Tourism Proposal Hits Security Hurdle
By Cithara Paul | Published: 01st December 2013 07:56 AM |
One section of the Manmohan Singh Government thinks asking the religion of an inbound tourist amounts to violation of secularism while the other, thinks it is important from the point of view of the national security.
The question on religion has become an issue within the government as the Tourism Ministry wants that column in visa applications concerning religion to be removed. It argues that it will make the visa application process “more tourist-friendly”.
“Our ministry had been persistently demanding the simplification of visa forms to make it more tourist friendly. Deletion of unnecessary columns would only simplify the procedure and the religion column was one such.
“Moreover, asking one’s religion or race does not suit our secular character,” said a Tourism Ministry official.
According to the official, the matter was taken up recently at a Planning Commission meeting held earlier last month to discuss ways to promote tourism in India. The meeting was attended by representatives from all ministries concerned including Planning Commission, Tourism Ministry, MEA and the Home Ministry. All had agreed to the proposal.
“Everyone had agreed that asking the religion of a visitor does not suit the secular character of the country especially when orthodox religious countries in the Gulf do not ask for a visitor’s religion,” the official said.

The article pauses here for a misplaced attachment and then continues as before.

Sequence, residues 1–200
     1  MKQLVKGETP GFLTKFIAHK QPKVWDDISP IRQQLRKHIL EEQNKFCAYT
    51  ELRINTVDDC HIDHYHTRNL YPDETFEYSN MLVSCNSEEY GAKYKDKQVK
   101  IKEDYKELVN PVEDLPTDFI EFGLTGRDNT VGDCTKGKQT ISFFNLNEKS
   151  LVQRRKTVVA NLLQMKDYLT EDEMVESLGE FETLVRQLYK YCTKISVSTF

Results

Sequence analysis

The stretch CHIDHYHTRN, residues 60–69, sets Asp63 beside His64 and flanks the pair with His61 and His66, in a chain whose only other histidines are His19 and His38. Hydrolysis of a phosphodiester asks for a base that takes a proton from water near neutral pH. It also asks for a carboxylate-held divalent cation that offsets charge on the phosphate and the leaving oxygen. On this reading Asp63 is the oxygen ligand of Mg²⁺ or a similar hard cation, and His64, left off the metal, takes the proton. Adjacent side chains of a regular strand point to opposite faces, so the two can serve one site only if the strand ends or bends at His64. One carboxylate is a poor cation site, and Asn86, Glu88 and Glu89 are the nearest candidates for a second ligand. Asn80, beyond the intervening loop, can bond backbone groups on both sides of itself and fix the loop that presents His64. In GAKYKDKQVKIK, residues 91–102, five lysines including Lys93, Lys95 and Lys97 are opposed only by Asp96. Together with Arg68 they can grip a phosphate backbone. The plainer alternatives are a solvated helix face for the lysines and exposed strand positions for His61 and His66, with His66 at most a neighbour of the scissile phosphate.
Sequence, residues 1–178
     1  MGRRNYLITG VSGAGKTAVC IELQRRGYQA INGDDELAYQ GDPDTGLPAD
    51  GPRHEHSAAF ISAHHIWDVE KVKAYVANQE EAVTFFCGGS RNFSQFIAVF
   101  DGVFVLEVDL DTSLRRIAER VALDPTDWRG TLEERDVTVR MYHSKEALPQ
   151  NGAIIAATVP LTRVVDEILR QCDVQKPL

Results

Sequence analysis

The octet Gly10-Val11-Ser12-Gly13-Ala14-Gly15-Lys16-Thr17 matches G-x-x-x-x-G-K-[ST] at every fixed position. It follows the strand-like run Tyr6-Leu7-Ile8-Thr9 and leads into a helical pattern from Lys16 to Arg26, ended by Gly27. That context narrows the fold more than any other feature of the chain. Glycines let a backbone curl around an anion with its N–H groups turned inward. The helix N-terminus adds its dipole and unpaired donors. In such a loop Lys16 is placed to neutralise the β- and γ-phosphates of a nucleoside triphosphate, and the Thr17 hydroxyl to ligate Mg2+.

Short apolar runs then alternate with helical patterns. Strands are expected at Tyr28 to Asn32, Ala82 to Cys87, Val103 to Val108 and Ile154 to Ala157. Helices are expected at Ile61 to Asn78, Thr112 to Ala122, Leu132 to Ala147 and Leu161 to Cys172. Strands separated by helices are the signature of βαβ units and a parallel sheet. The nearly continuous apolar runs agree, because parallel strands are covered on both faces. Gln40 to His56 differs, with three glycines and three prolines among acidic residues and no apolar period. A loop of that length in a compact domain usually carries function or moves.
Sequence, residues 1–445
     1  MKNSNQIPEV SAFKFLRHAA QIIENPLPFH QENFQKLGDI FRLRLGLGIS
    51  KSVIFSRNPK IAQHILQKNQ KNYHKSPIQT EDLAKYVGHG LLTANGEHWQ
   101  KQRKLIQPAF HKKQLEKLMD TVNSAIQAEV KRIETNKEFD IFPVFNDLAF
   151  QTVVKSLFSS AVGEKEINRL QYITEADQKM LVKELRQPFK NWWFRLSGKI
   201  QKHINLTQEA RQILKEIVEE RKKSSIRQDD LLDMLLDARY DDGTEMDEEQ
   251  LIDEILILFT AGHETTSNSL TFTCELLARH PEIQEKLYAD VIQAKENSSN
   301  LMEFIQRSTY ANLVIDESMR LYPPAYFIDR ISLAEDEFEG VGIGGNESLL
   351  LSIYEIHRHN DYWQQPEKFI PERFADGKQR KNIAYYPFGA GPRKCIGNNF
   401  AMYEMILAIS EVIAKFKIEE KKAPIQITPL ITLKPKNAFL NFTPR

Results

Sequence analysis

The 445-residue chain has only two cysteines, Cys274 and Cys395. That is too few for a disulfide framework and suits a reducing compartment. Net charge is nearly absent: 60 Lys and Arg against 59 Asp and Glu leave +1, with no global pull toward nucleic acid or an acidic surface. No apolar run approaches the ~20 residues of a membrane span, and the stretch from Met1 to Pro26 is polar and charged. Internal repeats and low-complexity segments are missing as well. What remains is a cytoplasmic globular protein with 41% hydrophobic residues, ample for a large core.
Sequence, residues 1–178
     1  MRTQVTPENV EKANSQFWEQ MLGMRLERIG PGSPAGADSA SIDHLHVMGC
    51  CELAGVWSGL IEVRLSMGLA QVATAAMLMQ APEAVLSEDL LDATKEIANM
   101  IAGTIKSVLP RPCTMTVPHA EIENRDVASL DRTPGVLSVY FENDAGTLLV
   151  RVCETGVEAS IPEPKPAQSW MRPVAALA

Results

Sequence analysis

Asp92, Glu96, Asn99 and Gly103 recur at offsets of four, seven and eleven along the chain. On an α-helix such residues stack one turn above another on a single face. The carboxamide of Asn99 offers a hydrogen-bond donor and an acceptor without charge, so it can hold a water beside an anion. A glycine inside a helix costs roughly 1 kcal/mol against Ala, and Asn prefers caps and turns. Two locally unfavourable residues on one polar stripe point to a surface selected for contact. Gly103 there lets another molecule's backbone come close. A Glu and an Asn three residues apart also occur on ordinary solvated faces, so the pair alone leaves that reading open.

He said it was decided in the meeting that the Home Ministry would give the final assent “very soon” as the changes were to be notified before the onset of the tourist season (which begins in India in November).
However, the secular proposal has hit a roadblock. “The tourist season has already begun and the notification is not happening any time soon. We are yet to receive any formal reply from the Home Ministry regarding this,” said the official.
It is learnt that the proposal hit a dead-end as the office of the National Security Advisor (NSA) expressed certain reservations regarding the matter.
“The NSA is not against removing the religion column. But it is of the view that any further relaxations in visa applications must be taken up only after proper coordination among various security agencies within and outside the country,’’ said a source within the government.
The NSA office had recently opposed the issue of providing tourist visa-on-arrival to China after the Tourism Ministry had proposed that steps be taken to relax the visa regime for China which is the biggest tourism market in the world.
The NSA insisted that the matter should be taken up bilaterally and decided on the basis of reciprocity. Once the NSA put its foot down, the Home Ministry has slowed down on the issue.